27 Jul Why We Should All Learn to be More Self-Sufficient
When the pandemic hit, everyone became painfully aware of how reliant they were on grocery stores, online delivery services and other outside goods and retailers. Or for those of us in society who were already prepping for the unexpected, we became aware of just how self-sufficient we were. There can be a happy medium, guys. You don’t have to be a doomsday prepper in order to be prepared for unexpected events like weather disasters or pandemics. We all should be learning to be as self-sufficient as possible.
On a recent episode of The Darin Olien Show,
I sat down with the author of No Grid Survival Projects, Michael Major. He knows a thing or two about being self-sufficient. Michael’s book contains over 70 DIY projects designed to increase your self-sufficiency in a disaster or unexpected event. He’s also a regular contributor to Ask a Prepper, where he writes on topics relating to prepping and survival. On top of that, Michael has written for several Canadian outdoors magazines. His research for his writing projects led to him developing and teaching an outdoor safety course for the British Columbia Wildlife Federation.
Prepping Gets a Bad Wrap
When I say “prepper”, what comes to mind? Do you think of a man dressed head to toe in camouflage stocking his basement full of canned chili to prepare for the apocalypse? Don’t worry, you’re not alone. I think the majority of people who prepare for the unexpected are misunderstood. The truth is, weather disasters like earthquakes, fires, or tornadoes happen all the time in our country. And everytime they do, we see people on the news saying “We never expected something like this to happen here, we weren’t prepared.” That’s where people like Michael come in. He wants us all to learn to be more self-sufficient, so that when the unexpected does happen (which it will, in some form), there won’t be cause for panic.
According to Michael, the first step is to be more aware of the kinds of natural disasters that could happen locally. “What could happen in my area?,” he says. For me in California, I obviously have to prepare for wildfires, earthquakes and draughts. If you’re in the midwest, you’d have to be prepared for flooding and tornados. It’s all about what’s most likely to happen where you are now. And the easiest way to start prepping is to start a small stockpile for you and your family. No, you don’t have to store 200 pounds of rice in your garage. But enough food to get you and your family through a couple weeks is a good starting point. “It’s as simple as buying an extra thing at the grocery store each time,” Michael said.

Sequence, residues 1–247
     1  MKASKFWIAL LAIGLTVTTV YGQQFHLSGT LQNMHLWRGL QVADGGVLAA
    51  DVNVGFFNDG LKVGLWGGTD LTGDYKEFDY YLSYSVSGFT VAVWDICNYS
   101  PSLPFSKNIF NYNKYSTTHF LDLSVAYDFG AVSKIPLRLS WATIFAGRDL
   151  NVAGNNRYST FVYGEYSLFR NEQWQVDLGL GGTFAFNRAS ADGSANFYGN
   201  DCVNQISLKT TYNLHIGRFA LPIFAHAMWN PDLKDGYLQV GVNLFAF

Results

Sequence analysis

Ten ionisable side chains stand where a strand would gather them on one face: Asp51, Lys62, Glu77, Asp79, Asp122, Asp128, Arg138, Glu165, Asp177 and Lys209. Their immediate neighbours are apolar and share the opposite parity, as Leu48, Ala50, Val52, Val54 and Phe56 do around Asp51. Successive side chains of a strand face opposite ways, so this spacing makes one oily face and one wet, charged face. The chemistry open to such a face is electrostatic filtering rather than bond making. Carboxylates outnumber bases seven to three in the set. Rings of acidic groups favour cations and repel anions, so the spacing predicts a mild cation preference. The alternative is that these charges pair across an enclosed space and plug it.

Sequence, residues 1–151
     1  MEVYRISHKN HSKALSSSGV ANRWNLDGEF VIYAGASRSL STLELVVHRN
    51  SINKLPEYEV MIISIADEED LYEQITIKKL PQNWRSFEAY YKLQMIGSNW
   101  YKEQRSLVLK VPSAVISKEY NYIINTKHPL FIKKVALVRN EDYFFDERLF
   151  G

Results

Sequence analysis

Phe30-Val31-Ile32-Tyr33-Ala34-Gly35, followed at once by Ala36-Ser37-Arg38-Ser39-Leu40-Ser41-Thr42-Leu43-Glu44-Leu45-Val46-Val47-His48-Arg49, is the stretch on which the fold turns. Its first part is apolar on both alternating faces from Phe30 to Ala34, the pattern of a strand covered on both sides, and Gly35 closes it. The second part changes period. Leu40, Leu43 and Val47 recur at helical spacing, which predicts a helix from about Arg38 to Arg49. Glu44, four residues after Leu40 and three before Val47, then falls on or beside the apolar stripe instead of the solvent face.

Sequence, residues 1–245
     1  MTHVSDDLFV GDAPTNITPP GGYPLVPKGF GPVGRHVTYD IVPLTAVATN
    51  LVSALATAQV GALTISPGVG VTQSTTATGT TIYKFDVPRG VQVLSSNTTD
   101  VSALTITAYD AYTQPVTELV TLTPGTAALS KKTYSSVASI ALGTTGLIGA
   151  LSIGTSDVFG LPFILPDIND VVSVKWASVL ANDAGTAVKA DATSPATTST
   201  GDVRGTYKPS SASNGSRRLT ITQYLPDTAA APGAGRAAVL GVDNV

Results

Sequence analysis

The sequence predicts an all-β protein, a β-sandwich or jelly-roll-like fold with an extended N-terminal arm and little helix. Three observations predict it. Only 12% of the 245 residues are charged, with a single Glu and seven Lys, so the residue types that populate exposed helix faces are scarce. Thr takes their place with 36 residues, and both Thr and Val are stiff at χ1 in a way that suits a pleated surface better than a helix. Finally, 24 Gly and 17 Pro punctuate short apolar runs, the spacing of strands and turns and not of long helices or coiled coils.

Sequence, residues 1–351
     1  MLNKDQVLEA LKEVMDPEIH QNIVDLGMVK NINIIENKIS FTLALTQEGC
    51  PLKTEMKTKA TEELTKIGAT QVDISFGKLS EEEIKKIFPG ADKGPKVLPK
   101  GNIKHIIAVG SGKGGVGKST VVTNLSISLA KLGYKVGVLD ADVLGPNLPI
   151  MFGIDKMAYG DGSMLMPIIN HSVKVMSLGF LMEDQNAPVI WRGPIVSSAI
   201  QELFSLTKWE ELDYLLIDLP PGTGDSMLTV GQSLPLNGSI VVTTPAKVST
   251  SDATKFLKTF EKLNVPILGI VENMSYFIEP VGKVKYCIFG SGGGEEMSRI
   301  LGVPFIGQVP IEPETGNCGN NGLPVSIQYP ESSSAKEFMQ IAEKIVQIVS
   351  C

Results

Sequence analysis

Starting a small stockpile of non-perishables is always a great idea, but you guys know how I feel about canned food. So, if you’re able, canning your own fruits, vegetables and sauces is also a great way to create a healthy stockpile that you can feel good about! And like Michael says, “It’s about empowerment. It’s not so much about stock, it’s about skills.”
Being Self-Sufficient for Food & Water
One point that I can’t stress enough, and one that Michael brought up as well, is that growing your own food is the number one way to become more self-sufficient. While we may not all have access to enough land to start a vegetable garden, there are small ways to grow your own food. Michael suggests starting a herb garden on your windowsill for starters. Seeds, even organic, non GMO seeds are relatively inexpensive, as is dirt and supplies. All you need is small, ventable containers, seeds and little dirt and tada! Fresh, homegrown herbs to cook and make tea with.
Not only is home grown food better for you, but as you’re learning and growing season after season, you’re becoming more self-sufficient without even realizing it. Because growing food on your own takes a lot of trial and error. Through that trial and error, you gain knowledge and experience to do it better each time. AND, you can pass that knowledge on down to your kids, friends and family. That’s how you help your entire community become more self-sufficient!
Now, you can stockpile all the food you want, but it’s not going to make a difference if you run out of clean water. That’s why Michael is constantly coming up with resourceful ways to reserve and clean water for emergencies. And he stresses that even if you live in a small space, you can find ways to reserve water. Making a rain barrel is the easiest way to start conserving water. While there are plenty of options for rain barrels at home improvement stores, you could start small with just a bucket out the window during a rainstorm. You could filter that water to drink, or use it to water your herb garden! While you’ll have to think bigger in terms of survival in a disaster, it’s important to start somewhere.
Start Doing Things Yourself
If becoming self-reliant for food and water seems a bit overwhelming, don’t worry. The goal is to become more skilled for survival by learning a little at a time. All you really need to do to become more self-sufficient is to start doing more things yourself. “That’s the first thing to do,” Michael said. “Stop relying on other people– give it a shot yourself first.”
So your sink is leaking? Before you call the plumber, watch a few YouTube videos and see if you can fix it yourself first. Need a new storage area for your homemade jarred pasta sauce? Before you run to IKEA, see if you could use the wood in the garage to build some shelves. The more self-reliant you can be in your everyday life, the more likely you’ll be able to be self-sufficient in the event of a disaster.